2012-08-31 / Columnists

It’s My Turn

Labor Day Celebrates The Uniqueness Of US Labor
By Neal Tepel Worker’s Rights Activist

Neal Tepel is a retiree and former member of AFSCME District Council 1707, AFM, CSA, OSA, and UFT. He continues to be an activist for worker rights. See laborpress.org.

Labor Day, the first Monday in September, is a creation of the labor movement and is dedicated to the social and economic achievements of American workers.

It constitutes a yearly national tribute to the contributions workers have made to the strength, prosperity, and wellbeing of the United States of America. This year, although the official holiday is Monday, September 3, 2012, New York City labor unions will march down Fifth Avenue on Saturday, September 8. Thousands of city union members will celebrate an event that began in 1882.

The first Labor Day holiday was coordinated by the New York City Central Labor Union and celebrated on Tuesday, September 5, 1882, in New York City. The Central Labor Union held its second Labor Day holiday a year later, on September 5, 1883.

The idea spread with the growth of labor organizations, and in 1885 Labor Day was celebrated in many industrial centers of the country.

Matthew Maguire, later the secretary of Local 344 of the International Association of Machinists in Paterson, N.J., proposed the holiday in 1882 while serving as secretary of the Central Labor Union in New York.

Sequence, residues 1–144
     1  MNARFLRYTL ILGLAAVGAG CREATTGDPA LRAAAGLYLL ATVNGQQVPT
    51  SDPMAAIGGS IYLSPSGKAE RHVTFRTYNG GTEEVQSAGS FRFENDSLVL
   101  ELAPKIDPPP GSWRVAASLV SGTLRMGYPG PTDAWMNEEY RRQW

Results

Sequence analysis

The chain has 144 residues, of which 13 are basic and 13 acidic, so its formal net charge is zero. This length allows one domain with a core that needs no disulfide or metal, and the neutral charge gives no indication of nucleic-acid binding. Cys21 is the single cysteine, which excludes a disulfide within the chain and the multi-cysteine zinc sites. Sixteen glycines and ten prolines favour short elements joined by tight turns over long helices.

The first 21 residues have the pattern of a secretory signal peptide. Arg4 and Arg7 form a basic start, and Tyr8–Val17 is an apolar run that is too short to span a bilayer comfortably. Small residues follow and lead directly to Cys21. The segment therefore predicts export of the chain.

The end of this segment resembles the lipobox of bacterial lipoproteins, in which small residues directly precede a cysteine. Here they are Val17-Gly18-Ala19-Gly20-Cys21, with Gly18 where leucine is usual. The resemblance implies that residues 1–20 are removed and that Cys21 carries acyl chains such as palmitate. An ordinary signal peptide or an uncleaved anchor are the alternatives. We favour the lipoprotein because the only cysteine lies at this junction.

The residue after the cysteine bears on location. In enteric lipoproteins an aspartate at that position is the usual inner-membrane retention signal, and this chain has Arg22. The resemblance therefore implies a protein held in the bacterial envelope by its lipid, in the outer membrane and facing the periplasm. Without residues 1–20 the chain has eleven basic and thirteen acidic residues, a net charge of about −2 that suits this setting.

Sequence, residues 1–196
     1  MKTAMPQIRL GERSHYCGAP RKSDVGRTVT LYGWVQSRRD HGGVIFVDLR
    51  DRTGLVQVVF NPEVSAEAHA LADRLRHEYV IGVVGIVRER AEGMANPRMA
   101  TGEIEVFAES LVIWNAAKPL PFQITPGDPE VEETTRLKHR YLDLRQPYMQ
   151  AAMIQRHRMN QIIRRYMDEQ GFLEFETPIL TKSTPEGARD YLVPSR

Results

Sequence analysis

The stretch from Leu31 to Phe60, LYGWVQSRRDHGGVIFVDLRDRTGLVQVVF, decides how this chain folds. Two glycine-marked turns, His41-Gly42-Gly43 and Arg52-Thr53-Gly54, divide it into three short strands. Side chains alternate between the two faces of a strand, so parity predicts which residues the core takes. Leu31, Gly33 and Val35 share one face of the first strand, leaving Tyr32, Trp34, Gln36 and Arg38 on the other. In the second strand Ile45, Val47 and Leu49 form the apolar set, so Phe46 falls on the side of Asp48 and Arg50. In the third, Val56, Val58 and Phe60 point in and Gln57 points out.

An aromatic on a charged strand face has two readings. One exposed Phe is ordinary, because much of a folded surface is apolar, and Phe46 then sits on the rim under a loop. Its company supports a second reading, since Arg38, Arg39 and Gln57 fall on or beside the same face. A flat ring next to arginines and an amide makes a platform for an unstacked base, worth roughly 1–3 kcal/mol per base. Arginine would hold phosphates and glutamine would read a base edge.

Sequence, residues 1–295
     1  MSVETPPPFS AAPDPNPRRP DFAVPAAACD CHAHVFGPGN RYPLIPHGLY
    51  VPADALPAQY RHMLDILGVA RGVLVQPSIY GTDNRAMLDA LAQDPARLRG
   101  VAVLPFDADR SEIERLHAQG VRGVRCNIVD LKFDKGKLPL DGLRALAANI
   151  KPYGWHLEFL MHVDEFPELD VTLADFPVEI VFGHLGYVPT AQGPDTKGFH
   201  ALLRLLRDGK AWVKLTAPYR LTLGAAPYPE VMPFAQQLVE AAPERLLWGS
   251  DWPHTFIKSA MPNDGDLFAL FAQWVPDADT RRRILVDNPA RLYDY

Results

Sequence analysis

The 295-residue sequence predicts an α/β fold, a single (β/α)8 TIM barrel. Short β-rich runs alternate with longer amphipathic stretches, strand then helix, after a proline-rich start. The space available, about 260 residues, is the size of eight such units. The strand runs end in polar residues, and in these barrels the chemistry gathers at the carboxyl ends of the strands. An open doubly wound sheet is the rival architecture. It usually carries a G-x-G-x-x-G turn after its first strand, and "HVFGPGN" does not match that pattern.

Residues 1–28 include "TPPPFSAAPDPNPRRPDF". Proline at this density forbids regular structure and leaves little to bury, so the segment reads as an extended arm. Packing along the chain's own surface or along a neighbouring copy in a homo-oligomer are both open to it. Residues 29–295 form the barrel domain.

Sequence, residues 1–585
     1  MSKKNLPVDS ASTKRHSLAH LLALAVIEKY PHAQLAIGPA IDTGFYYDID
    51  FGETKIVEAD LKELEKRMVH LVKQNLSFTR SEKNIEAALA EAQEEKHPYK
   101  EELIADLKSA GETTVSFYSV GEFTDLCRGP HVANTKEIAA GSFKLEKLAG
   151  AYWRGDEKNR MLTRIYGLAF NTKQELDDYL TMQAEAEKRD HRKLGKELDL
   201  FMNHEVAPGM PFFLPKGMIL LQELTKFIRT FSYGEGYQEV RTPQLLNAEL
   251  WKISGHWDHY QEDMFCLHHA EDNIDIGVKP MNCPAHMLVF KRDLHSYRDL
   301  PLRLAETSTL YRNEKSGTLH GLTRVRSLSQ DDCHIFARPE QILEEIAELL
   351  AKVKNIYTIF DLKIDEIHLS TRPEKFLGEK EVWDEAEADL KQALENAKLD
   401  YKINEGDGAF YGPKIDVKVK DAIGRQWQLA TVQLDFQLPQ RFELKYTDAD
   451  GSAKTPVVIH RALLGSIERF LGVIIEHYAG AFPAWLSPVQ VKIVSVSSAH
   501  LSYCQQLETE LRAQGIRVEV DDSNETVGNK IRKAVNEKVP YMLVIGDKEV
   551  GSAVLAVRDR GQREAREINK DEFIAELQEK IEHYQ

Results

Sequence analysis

The first governmental recognition of Labor Day came through municipal ordinances passed in 1885 and 1886. The first state bill was introduced into the New York legislature, but the first to become law was passed by Oregon on February 21, 1887. By 1894, 23 other states had adopted the holiday in honor of workers, and on June 28 of that year, Congress passed an act making the first Monday in September of each year a legal holiday.

Organized labor in the United States was the force that created a great middle class.

A highly skilled and motivated workforce was a critical factor in this county becoming the strongest economic nation on the planet. Unions built the engine that enabled workers in the U.S. to benefit from a high standard of living. While labor-management negotiations are always difficult this partnership has allowed industry to prosper like nowhere on earth.

This country continues to provide the greatest output of goods and services the world has ever known. We also set an example for workers around the globe: Rights and dignity of workers must be respected.

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